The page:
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Future of the Apex to be debated by St Edmundsbury Borough Council




The future of the Apex, in Bury St Edmunds, will be considered by St Edmundsbury Borough Council on Monday.

Apex auditorium by Jerry Gilbert. (2644758)
Apex auditorium by Jerry Gilbert. (2644758)

The joint executive (cabinet) committee will discuss the Apex forward plan and decide how the venue’s future performance could be monitored.

Measures to help bring down the Apex operating costs – which are subsidised by the council – are included in the plan, with the venue saying it hopes to reduce its £570,780 2018/19 budgeted costs to £450,000 within three years.

When the Apex opened in 2010 its annual operating cost was £793,000. However, the plan says the drive to reduce cost ‘will not be done at the expense of the quality of what we do and how we do it’.

Income-raising proposals include:

- A new membership scheme

- Appointing a fund-raiser

- Establishing a Corporate Club

- Evaluation of capacity to see if an extra 200 people could be accommodated for standing gigs

- Investigating turning the Apex lounge upstairs into a space ‘giving more income generating opportunities’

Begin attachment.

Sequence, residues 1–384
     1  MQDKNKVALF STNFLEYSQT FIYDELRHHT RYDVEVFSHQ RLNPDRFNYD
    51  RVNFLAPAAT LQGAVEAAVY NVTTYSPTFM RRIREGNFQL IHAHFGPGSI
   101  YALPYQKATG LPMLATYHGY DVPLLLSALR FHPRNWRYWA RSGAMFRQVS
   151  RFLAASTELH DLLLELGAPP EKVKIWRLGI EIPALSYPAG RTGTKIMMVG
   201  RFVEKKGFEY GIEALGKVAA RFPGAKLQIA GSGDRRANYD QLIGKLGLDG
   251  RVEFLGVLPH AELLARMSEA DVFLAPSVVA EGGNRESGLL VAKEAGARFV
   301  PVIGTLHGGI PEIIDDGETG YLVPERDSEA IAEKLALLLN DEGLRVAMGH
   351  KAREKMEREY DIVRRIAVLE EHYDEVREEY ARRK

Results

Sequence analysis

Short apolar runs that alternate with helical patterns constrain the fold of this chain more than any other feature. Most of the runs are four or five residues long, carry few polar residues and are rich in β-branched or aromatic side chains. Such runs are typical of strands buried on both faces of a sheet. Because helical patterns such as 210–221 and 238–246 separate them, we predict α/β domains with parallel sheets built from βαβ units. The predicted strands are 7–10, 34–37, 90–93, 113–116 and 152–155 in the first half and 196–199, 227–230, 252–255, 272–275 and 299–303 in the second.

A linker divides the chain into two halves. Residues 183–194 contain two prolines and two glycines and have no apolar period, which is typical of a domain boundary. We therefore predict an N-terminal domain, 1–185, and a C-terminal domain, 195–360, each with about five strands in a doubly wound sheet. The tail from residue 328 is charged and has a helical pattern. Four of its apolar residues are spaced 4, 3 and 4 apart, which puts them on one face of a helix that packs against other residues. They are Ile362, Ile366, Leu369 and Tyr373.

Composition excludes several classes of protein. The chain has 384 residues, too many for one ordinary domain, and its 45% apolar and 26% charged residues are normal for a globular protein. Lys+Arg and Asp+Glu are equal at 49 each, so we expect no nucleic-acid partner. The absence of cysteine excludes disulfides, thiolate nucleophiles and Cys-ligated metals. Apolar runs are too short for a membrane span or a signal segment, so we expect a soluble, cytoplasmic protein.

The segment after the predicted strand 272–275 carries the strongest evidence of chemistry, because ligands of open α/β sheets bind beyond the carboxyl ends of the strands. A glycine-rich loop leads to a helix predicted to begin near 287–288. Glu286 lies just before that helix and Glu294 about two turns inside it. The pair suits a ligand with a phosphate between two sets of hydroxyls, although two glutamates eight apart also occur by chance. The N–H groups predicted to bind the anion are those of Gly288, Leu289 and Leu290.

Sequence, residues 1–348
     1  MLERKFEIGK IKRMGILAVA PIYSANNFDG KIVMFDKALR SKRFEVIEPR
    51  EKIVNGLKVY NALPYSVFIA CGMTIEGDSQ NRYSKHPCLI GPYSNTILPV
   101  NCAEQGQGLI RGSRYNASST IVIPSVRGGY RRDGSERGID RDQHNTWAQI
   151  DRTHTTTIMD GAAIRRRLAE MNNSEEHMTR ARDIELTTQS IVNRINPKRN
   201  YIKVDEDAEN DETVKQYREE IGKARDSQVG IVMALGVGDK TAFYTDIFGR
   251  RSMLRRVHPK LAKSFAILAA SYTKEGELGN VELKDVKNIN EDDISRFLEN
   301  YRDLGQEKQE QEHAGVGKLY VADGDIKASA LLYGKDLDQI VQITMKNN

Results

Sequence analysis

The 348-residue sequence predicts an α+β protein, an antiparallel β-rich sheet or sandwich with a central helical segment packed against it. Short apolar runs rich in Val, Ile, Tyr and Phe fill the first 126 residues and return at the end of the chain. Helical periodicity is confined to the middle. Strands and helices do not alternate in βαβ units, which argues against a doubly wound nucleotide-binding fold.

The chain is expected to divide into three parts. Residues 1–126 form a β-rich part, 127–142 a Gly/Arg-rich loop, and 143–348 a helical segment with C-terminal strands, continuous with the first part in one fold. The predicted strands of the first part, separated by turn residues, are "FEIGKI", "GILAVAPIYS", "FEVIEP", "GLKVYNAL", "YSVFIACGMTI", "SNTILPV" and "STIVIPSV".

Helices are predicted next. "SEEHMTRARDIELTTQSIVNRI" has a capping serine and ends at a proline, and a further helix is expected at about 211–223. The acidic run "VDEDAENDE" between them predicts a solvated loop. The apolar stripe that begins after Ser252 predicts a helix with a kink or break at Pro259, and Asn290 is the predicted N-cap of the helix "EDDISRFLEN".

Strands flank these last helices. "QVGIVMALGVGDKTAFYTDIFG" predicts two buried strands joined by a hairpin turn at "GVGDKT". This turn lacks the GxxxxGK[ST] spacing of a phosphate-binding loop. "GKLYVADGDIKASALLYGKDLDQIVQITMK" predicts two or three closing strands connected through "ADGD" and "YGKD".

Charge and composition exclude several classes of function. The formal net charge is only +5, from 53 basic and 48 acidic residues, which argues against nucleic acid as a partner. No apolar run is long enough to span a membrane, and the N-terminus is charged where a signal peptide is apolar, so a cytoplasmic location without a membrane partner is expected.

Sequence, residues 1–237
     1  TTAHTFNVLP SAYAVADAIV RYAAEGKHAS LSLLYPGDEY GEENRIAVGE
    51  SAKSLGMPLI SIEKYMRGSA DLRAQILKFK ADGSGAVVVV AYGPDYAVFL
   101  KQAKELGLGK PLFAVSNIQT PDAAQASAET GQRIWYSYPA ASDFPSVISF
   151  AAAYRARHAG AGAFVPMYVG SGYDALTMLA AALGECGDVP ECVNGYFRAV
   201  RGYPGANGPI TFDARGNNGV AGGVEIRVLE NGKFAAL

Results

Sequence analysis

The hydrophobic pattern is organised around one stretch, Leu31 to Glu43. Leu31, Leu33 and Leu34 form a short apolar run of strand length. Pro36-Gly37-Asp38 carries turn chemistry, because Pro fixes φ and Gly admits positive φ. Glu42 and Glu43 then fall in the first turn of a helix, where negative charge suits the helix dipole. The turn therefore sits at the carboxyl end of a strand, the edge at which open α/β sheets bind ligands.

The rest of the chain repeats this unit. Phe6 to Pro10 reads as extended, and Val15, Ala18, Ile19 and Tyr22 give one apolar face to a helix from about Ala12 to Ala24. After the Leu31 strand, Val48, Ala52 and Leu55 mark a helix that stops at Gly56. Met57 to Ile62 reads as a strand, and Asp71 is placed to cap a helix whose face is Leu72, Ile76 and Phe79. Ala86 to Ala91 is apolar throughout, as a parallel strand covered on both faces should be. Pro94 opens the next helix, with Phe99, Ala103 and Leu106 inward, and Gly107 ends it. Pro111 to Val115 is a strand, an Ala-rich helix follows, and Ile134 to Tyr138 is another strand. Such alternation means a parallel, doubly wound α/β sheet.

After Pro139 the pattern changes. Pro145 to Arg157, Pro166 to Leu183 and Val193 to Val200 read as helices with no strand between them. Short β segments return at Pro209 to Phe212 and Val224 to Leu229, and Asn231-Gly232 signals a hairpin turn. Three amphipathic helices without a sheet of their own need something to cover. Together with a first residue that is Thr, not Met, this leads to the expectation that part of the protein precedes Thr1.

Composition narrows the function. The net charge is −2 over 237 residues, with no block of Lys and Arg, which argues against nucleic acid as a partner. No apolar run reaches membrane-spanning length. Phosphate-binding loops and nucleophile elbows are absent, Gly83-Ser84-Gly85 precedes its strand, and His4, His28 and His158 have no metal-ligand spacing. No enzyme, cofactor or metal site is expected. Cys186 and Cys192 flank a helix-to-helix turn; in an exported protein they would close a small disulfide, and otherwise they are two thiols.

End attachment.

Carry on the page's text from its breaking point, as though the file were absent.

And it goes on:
The report estimates the introduction of booking fees on every ticket – which came into effect in April – could earn £100,000 annually by the end of the 2019/20 financial year. In 2017/18 the Apex sold more than 100,000 tickets, with box office sales income increasing from £1.2 million in 2014/15 to £2 million in 2017/18.

Meanwhile, it is suggested a proposed membership scheme, where customers pay £35 a year in return for priority booking and other benefits, could generate £8,750 from 250 members in its first year. If it grows by 250 members a year as projected, it could earn £43,750 by year five.

Councillor David Nettleton, who has long criticised the ‘loss-making venture’, was sceptical whether Forest Heath residents would be happy to subsidise the Apex when the joint West Suffolk Council is created and said the auditorium’s capacity of 700 ‘was always going to be a problem’.

He added: “The report brags about reducing the annual deficit from £793,000 in 2010 to an estimated £570,000 in 2019. That’s an average of £25,000 a year.

“At this rate it will be 2040 before the Apex breaks even – always assuming that the council wants to remove the subsidy and operate the venue debt free.”

The committee will also hear a proposal to commission an independent assessment of catering contracts at the Apex, Athenaeum, Abbey Gardens kiosk and Moyse’s Hall Museum, to see how catering might be procured and managed in the future.



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